How Accreditation Works: An Interview with BridgeEnglish Director Richard Brown

Looking for the right school to study at can be an important and stressful decision. (If you haven’t already, check out Josh’s post on choosing a school). One important thing that students should be looking out for is “Accreditation.” But, what is this and why is it so important? We sat down with BridgeEnglish director and resident expert on accreditation, Richard Brown to ask him some of these nagging questions.

1)      What are the different types of accreditation?

Currently in the U.S., language centers like BridgeEnglish can be accredited by either ACCET (The Accrediting Council of Continuing Education and Training) or CEA (The Commission on English Language Accreditation). BridgeEnglish is currently fully accredited by ACCET.

2)      What does it mean to be an accredited institution?

To be an accredited institution means that individuals and organizations can be assured they are dealing with an institution that states exactly and clearly how it operates and that these statements have been examined and found to be true by an outside entity. In the U.S., for language schools or centers and IEPs, intensive English programs, it is critical that they be accredited as this will be a requirement in order for them to issue I-20’s (student visas) by 2013.

3)      What’s the process a school needs to go through to get accredited?

The process is a complex one. It involves an application to CEA or ACCET for either accreditation or re-accreditation. Then there is a conference to attend to become familiar with the process or any changes in the process since the organization’s last accreditation. Perhaps the most time consuming piece is a large document that must be compiled to respond to questions about how the school or center operates. Every statement must be documented and usually documented in several ways and multiple times to offer clear evidence to back up the statements by the school. All of this, many hundreds of pages, must be submitted to the accrediting organization in a timely manner.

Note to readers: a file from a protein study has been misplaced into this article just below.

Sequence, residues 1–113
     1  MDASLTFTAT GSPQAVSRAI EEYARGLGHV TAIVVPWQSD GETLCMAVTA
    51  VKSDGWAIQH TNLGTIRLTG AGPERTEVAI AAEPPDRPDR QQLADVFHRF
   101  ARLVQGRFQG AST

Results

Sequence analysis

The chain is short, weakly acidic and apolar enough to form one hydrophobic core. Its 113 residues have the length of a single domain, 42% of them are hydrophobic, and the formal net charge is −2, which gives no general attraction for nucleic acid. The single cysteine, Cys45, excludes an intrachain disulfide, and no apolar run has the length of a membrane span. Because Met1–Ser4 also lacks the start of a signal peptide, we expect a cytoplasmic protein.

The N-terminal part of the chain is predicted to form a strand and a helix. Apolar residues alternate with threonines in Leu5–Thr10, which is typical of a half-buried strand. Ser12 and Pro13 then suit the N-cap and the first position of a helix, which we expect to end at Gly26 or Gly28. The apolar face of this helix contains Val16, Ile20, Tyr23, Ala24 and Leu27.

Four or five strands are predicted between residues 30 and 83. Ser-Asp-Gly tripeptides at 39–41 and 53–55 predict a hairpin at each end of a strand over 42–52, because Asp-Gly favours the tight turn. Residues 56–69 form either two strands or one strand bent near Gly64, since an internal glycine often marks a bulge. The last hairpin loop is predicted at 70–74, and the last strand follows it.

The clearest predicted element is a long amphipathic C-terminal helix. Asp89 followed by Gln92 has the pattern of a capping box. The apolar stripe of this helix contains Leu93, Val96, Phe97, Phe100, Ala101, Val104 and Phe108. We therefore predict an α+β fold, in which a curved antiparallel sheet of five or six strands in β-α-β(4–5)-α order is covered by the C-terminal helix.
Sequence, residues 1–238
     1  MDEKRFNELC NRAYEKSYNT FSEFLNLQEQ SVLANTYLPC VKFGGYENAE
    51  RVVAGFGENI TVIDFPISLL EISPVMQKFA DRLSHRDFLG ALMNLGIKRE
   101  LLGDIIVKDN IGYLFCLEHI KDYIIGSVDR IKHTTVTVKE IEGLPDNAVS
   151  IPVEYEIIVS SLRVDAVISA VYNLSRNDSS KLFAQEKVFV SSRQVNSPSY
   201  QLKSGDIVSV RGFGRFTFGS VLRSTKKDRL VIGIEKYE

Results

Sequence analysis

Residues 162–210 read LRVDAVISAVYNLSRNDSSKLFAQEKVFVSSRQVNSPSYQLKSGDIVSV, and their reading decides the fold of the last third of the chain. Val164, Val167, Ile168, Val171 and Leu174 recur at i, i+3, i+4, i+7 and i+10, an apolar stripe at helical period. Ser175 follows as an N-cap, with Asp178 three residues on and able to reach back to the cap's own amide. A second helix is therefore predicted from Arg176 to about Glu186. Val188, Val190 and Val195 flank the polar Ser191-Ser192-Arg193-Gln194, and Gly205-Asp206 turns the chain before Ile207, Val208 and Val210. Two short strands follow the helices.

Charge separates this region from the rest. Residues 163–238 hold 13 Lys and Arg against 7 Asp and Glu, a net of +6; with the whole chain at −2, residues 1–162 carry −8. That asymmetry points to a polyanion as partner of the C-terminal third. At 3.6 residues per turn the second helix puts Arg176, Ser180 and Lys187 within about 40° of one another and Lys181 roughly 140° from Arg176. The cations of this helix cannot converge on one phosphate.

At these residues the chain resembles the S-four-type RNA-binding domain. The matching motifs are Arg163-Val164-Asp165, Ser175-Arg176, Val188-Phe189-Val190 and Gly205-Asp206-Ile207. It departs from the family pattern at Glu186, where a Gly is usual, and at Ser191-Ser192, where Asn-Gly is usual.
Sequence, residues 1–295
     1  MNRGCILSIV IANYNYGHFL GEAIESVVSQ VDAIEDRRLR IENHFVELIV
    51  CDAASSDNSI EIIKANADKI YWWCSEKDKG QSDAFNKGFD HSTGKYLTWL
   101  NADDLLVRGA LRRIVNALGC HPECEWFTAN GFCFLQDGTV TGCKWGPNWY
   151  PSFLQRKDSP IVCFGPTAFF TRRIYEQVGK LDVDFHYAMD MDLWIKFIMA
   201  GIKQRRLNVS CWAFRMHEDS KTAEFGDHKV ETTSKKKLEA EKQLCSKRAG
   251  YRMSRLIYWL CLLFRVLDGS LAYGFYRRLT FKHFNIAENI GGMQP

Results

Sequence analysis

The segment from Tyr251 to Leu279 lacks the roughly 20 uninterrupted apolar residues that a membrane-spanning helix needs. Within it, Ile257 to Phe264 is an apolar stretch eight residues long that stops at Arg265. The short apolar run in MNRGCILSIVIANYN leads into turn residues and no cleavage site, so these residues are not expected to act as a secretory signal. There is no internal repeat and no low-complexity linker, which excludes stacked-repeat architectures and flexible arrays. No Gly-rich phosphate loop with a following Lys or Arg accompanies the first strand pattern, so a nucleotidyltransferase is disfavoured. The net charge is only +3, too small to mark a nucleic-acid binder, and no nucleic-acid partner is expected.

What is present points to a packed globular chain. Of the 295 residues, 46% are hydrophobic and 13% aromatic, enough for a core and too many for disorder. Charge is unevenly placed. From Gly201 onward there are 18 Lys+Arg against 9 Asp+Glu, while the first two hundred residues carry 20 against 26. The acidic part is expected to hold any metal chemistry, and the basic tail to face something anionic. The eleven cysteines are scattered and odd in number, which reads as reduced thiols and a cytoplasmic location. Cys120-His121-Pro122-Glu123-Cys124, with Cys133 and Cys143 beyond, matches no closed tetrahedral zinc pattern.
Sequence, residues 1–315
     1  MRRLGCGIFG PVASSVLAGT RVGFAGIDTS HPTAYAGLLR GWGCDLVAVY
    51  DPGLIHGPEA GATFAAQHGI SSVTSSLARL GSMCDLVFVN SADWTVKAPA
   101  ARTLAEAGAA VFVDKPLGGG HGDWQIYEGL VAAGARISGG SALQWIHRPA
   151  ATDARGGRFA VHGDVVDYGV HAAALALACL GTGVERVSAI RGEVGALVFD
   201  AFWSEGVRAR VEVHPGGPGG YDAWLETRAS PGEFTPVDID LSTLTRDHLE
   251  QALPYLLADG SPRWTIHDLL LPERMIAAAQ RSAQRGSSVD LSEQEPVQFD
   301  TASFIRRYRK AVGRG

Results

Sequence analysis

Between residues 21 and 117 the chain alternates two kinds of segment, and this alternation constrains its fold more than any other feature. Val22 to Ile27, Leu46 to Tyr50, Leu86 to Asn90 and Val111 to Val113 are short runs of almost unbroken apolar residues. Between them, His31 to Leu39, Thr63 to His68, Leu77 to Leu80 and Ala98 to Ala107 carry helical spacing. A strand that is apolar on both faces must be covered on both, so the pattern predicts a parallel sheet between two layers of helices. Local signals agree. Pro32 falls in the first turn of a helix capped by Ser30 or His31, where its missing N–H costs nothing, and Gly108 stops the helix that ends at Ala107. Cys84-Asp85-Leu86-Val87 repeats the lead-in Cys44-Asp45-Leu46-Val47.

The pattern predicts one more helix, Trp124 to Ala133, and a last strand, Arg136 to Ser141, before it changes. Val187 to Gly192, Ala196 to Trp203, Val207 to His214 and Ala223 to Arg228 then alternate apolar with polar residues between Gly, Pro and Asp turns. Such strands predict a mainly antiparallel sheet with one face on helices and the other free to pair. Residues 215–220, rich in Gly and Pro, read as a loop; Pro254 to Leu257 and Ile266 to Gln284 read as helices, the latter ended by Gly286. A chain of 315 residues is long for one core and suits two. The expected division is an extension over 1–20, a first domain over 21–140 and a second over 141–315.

After being thoroughly examined, copies of the document along with copies of all the supporting evidence are delivered to two professional volunteers who will conduct an on-site inspection of the organization. These volunteers are usually from similar schools accredited by the same organization. For ACCET, the inspection takes a day and a half and during this time, the volunteer inspectors examine every aspect or the school’s or center’s operation, making constant reference to the accreditation document. This way, they can clearly confirm that the school or center is essentially doing what it says it does. Scores are given in each area as strong, acceptable, weak or unacceptable. The final results, received within three months will award a one year, a three year or a five year period of accreditation depending upon the number or strengths or weaknesses. If major problems are uncovered, the school or center is given time to review and take care of these problems.

4)      What if a student is interested in a school that is not accredited?

It’s a risk that you take. One way to check up on the validity and ethical nature of the school is to check with the Better Business Bureau in the city where the school is located.

5) How can a student verify if a school is actually accredited? I mean, sometimes schools claim they have accreditation but actually do not, right?

Simply go to the web site of the organization the school says accredits it and check the list of approved schools. If it’s not on the list, call or e-mail the organization to see if the school is still in the process of accreditation. If it is not, this is definitely a school to avoid.

6)      How does choosing an accredited institution have an effect on a student’s education and even future employment?

The student can be certain that he or she is getting a real education and that the school has given great thought to the program, the program’s goals and outcomes for its students. Employers can be assured that the individual completed a legitimate study program and didn’t attend a “diploma mill.”